from A Conservation Breeding Handbook
by D. Philip Sponenberg and Carolyn J. Christman
copyright by the American Livestock Breeds Conservancy
used by permission
Four types of livestock and poultry breeds occur in North America: landraces, standardized breeds, industrial stocks, and feral breeds. These differ according to their history and selection, the relative level of uniformity versus variability, and the presence or absence of a formal structure to organize and promote them. While the majority of North American breeds (and endangered breeds) are standardized, a discussion of the different types is useful in explaining how the breeds were developed and how each should be conserved.
Landraces, (not to be confused with the Swedish Landrace swine breed) are local populations of animals that are consistent enough to be considered breeds, but are more variable in appearance than are standardized breeds.
Individual landrace breeds are unique due to founder effect, isolation, and environmental adaptation. Founder effect refers to the accidents of history that led to introduction of certain types of animals to new areas. These “founders” are the sole genetic base of descendant populations…
A combination of human and natural selection has shaped the evolution of landrace breeds. Natural selection and geographical isolation have created genetic consistency and adaptation to the local environment. Traits such as parasite and disease resistance, reproductive efficiency, and longevity have also resulted. Human selection is of somewhat less importance. In fact, human selection in one part of a landrace population may be counteracted by different human selection in another part. Color is one example- the Holt line of Piney Woods cattle is usually white park or colorsided roan with black ears, while the Conway line is red and white in various combinations. Both individual herds have lost some color variants (gaining uniformity in color in the process), but the landrace breed has not.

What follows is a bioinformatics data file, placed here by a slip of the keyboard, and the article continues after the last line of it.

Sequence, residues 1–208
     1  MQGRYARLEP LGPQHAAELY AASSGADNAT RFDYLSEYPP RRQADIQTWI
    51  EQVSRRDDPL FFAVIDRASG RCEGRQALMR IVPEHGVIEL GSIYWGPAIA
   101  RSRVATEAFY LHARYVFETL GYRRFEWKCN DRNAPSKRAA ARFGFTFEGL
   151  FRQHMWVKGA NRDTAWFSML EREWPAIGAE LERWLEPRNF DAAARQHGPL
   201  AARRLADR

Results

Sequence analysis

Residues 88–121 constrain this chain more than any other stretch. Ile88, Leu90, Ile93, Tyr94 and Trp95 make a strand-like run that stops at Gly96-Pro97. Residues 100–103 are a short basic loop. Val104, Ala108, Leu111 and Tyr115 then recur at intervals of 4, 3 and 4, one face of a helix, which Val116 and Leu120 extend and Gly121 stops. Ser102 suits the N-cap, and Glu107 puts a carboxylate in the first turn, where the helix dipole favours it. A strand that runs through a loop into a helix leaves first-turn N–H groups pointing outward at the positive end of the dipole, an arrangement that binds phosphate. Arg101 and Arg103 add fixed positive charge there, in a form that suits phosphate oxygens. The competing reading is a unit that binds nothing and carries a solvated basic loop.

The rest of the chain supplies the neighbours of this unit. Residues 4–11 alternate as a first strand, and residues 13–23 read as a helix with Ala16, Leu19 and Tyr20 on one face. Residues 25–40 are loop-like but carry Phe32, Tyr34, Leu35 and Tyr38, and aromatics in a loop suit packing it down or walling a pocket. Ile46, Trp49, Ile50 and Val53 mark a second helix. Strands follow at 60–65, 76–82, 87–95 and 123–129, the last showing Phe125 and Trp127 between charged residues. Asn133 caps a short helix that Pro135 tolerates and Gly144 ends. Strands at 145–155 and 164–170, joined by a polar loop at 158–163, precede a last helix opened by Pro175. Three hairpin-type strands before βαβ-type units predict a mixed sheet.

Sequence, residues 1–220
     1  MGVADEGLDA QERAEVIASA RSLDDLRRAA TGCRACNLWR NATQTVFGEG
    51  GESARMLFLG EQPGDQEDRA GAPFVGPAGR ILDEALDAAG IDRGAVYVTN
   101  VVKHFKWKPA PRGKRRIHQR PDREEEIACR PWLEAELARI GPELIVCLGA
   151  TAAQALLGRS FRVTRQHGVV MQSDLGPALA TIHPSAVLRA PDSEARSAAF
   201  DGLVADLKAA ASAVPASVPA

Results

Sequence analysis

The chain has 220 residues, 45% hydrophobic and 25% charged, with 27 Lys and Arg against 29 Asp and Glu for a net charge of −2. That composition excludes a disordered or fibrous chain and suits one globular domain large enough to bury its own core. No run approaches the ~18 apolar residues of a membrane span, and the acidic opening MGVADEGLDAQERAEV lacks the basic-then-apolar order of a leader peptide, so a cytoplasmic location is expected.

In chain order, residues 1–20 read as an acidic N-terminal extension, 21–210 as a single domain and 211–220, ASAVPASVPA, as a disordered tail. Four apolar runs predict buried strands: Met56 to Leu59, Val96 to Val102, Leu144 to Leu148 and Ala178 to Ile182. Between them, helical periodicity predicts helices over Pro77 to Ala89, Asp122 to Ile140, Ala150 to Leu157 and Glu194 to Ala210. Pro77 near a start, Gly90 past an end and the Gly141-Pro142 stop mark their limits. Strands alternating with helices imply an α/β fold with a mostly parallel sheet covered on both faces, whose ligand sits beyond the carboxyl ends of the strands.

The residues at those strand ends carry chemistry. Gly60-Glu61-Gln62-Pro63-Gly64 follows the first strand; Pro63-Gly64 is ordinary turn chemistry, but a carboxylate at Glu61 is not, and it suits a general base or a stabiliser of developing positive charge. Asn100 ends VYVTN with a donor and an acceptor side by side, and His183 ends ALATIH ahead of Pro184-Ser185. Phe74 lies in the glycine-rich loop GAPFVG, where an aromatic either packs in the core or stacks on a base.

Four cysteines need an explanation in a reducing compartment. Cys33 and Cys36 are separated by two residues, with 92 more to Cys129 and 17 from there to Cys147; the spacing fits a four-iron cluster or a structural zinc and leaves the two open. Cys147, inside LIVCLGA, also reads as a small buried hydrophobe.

Landrace breeds generally lack the formal support of a breed association, and they survive as distinct populations due to geographic and cultural isolation. If communication among breeders increases, and a network of breeders is organized, the landrace may benefit by greater geographical distribution and more secure numerical status. This process can, however, result in selection for greater uniformity across the population and diminish the presence of some of the original variants. If, instead, there is a careful cultivation of the diversity within breed parameters, the genetic integrity of the landrace can be protected even as it becomes a standardized breed.
Thanks again to the American Livestock Breeds Conservancy for permission to use this passage from this wonderful book.